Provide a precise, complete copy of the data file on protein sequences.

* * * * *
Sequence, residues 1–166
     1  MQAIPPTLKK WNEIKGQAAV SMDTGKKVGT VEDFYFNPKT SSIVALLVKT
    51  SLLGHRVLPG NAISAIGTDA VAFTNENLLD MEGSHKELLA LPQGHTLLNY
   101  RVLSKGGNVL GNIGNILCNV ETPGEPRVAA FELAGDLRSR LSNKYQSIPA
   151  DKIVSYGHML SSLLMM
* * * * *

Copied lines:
Sequence, residues 1–166
     1  MQAIPPTLKK WNEIKGQAAV SMDTGKKVGT VEDFYFNPKT SSIVALLVKT
    51  SLLGHRVLPG NAISAIGTDA VAFTNENLLD MEGSHKELLA LPQGHTLLNY
   101  RVLSKGGNVL GNIGNILCNV ETPGEPRVAA FELAGDLRSR LSNKYQSIPA
   151  DKIVSYGHML SSLLMM